“You need to put that in the context of two things. The first is that the clubs are mutuals. We are a non-profit making organization so we’re not looking to make a profit from our members. Over the long run you’re looking for a balanced equation which is different from the commercial market although we operate in a commercial environment. Providing insurance at cost is one of the greatest strengths of mutuality. The second is that most of the clubs are in either a strong or a very strong capital position.”

Importance of China

China’s travails during COVID affected the marine sector significantly.

“In terms of Asia, the biggest pressure has been on China,” Mr. Cutler said. “The old analogy is that if America sneezes, the world catches a cold. But in terms of world trade now, China is absolutely dominant in the marine sector. It is either an importer of a massive amounts of material or it is an exporter of huge amounts of goods. The COVID restrictions clearly had an effect on some of this world trade.”

Trade data emanating from China in mid-April indicate that total exports from the nation surged 14.8% in March on the back of the sale of electric vehicles and their components as well as trade with Russia. This was the first data to signify export expansion since September 2022.

“China is coming out of COVID restrictions, having lifted those before Christmas, which has seen a significant change in terms of a very high level of trade going forward,” Mr. Cutler said. “Any time that China puts a fiscal stimulus package in place, that tends to be a good thing for the marine industry. Anything that promotes trade is a good thing.”

A global business

“The main driver of growth will be demand,” .Mr Cutler said. “If the world economy is growing, then ship owners and operators will respond to that. If the world economy isn’t growing for whatever reason, then the ship owners will have to respond in the opposite way.”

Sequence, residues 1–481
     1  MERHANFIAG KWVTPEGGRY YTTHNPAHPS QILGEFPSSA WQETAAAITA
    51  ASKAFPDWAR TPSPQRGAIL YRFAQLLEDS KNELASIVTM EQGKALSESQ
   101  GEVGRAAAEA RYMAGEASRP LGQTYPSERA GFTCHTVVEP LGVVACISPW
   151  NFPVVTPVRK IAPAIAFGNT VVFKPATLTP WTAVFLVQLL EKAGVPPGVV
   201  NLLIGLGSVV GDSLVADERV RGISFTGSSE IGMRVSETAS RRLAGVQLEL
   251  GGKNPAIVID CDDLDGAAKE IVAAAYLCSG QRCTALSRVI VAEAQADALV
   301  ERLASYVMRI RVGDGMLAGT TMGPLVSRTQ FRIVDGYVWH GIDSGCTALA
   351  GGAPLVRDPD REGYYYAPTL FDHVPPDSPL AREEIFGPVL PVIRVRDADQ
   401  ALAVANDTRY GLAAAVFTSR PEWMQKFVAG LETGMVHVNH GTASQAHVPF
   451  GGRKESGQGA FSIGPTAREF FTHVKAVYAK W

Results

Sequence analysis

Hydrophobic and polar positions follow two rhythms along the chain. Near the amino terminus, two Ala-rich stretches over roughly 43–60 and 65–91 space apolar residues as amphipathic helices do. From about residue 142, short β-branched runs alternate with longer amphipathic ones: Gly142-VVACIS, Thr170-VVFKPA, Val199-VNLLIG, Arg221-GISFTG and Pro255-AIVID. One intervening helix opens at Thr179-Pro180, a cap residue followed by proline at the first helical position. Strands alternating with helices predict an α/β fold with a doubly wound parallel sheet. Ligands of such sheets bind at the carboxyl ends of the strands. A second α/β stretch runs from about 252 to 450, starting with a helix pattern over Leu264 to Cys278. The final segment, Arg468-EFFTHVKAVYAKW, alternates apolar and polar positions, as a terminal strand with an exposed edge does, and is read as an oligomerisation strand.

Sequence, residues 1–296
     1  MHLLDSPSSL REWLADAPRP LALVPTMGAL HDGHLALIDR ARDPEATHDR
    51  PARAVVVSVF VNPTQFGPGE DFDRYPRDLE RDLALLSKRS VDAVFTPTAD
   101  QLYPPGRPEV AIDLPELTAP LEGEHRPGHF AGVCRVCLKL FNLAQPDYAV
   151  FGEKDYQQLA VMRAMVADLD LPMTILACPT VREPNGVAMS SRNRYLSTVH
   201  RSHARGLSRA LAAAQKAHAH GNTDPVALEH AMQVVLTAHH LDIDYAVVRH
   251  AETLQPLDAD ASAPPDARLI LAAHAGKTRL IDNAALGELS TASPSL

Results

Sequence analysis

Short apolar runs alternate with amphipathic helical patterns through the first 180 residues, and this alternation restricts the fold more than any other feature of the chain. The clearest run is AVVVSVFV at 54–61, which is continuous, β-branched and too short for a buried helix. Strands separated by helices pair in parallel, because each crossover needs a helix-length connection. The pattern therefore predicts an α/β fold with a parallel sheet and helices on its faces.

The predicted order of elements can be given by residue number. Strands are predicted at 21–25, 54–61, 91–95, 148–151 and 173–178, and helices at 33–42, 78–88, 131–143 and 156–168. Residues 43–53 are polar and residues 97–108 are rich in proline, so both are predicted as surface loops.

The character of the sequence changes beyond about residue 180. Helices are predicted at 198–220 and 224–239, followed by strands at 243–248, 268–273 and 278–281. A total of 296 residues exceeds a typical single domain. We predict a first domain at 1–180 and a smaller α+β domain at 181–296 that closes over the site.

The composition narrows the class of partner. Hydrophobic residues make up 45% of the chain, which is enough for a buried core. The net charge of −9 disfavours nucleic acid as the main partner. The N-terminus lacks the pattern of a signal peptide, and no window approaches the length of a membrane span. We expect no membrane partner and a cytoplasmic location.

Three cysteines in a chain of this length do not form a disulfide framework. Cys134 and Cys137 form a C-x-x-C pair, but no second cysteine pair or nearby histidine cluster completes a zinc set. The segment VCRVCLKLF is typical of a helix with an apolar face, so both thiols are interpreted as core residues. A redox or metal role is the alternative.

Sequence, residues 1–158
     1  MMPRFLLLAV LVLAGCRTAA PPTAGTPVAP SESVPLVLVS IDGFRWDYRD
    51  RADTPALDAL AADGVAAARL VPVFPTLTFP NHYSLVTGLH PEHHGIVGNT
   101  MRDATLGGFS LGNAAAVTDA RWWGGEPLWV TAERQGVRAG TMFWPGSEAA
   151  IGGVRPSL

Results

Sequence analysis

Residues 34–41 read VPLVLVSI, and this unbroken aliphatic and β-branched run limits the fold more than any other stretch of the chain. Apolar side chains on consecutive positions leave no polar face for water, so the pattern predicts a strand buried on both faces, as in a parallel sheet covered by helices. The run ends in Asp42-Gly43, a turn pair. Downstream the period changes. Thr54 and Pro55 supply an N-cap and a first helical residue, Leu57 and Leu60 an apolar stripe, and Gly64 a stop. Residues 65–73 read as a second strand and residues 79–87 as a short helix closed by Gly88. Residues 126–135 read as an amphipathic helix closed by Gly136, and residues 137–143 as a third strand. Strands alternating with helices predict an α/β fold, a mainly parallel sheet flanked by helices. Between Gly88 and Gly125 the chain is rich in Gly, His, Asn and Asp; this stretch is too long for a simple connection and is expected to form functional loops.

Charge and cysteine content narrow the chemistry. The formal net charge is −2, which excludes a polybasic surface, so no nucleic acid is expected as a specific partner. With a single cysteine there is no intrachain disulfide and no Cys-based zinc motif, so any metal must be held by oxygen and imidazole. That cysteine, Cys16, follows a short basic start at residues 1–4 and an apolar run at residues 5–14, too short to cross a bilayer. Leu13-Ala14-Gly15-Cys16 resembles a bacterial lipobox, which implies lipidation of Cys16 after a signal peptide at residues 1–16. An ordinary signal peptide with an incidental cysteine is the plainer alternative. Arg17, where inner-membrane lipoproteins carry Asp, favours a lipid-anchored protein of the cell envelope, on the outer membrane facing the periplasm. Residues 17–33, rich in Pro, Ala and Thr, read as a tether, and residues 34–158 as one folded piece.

“The main driver of growth will be demand,” .Mr. Cutler said. “If the world economy is growing, then ship owners and operators will respond to that. If the world economy isn’t growing for whatever reason, then the ship owners will have to respond in the opposite way.”

He is equally realistic about the impediments holding back growth.

“The restraints on world growth going forward will be a combination of macroeconomic factors,” Mr. Cutler said. “If you have inflation at rates that are beyond central banks’ appetites in the 2% to 3% range and, depending on where you are in the world, you’re running at 7% to 10% inflation - all of the central banks are looking for a balance to avoid recession.

“The most obvious lever that’s being used is interest rates, which are high. That is designed to stop people spending money. They want to constrain consumption. They want to reduce inflation. They want businesses to contract and find efficiencies that will act as a handbrake on world trade. You can’t have world trade blossoming and seek to control inflation,” he said.

Sustainability Report 2022

The marine industry is often placed at the centre of the ESG debate that is taking place around the world. From both a marine insurance point of view and also from a P&I club’s point of view, ESG considerations are often paramount.

“There are a number of aspects to this,” Mr. Cutler said. “The first is in terms of individual club’s appetite for what you might call ESG-type investments. That’s for the individual clubs to take a view on but we do insure members who carry oil or coal or other items that are contrary to the direction of travel.

“The reality is that until such time as we have alternative viable energy sources that meet the world’s needs, those are essential cargoes. You need to approach it from that angle. As an insurance company, to have an ESG investment policy that excludes these cargoes might conflict with you insuring them. If you’re not going to invest in them, that that might be a bit contradictory. However, that’s for individual clubs to take their own view on.”

The International Group of P&I Clubs published its first sustainability report last year (Sustainability Report 2022) which said, “The marine industry’s move to meet ambitious targets concerning the reduction of greenhouse gas emissions from shipping is vital … This report explains how the group understands ESG in the context of its activities and where it contributes to a more sustainable shipping industry.”

Mr. Cutler provides more context. “It’s not quite the same as a normal corporate sustainability report,” he said. “It very much approaches it from the point of view of what the group is and what we do. It’s looking at protecting the environment, responding to casualties, safety at sea, which includes seafarers and carriage of cargoes, all those things which fit into ESG. We have a part in the debate, but no one has all the answers so we very much focus on doing our things correctly as insurers,” he said.